Reddit is a social media platform where users can post anonymous submissions and comments in various subreddits. We use the Pushshift Reddit API [Baumgartner et al.2020] to collect all submissions posted to nine subreddits related to the birthing experience between April 2009 and June 2021.111These nine subreddits are: r/BabyBumps, r/beyondthebump, r/BirthStories, r/daddit, r/predaddit, r/pregnant, r/Mommit, r/NewParents, and r/InfertilityBabies. Following antoniak2019narrative, we remove all posts that do not include any of the terms “birth story,” “birth stories,” or “graduat,” guaranteeing our corpus consists of birthing narratives. We remove all posts that contain less than tokens,222We noticed that in recent years, new parents post a picture of the baby and then describe the birthing narrative in the first comment. We include these examples in our filtering process. resulting in a corpus of 4,484 birthing narratives before and 913 during COVID-19.333We demarcate March 11th, 2020 as the start of COVID-19, the day the WHO declared a global pandemic.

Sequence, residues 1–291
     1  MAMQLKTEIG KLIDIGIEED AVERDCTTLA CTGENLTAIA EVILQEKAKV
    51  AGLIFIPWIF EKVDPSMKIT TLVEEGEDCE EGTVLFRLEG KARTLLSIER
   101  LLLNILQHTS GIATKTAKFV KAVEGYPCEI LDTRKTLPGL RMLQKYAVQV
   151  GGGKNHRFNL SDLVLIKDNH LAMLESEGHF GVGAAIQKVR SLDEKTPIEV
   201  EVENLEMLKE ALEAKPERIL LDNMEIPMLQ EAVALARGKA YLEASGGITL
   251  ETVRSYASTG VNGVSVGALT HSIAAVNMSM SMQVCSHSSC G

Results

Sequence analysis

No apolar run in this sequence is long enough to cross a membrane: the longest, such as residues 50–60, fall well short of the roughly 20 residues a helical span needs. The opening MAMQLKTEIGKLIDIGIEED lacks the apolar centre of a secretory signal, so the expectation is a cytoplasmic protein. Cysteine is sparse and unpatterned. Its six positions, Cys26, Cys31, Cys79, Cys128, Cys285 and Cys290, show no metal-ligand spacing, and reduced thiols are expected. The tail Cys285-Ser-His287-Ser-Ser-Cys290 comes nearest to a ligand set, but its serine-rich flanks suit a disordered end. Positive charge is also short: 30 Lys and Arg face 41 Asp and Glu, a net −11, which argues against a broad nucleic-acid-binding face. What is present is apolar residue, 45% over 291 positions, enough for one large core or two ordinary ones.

3 Method

Topic Modeling.

To discover distinct topics across our collection of birthing narratives, we apply Latent Dirichlet Allocation [Blei et al.2003], as implemented in Mallet [McCallum2002]. In initial experiments, , the number of topics, ranges from to . We choose based on coherence [Röder et al.2015]

. Discovered topics include induced labor, family, breastfeeding, and the first moments between a new parent and child. To determine whether the prevalence of these topics changed during COVID-19, we fit topic-specific Prophet models, an additive regression approach for forecasting time series data 

[Taylor and Letham2018]

, on the topic’s average monthly prevalence in our corpus prior to March 2020. We then compare the topic’s actual average monthly prevalence in our corpus during COVID-19 with the corresponding model’s forecast. Following biester-mental-health, we quantify how often the actual topic’s monthly probabilities fall outside the model’s 95% CI and use one-tailed Z-tests to determine statistical significance.

Quantifying Personas Presence.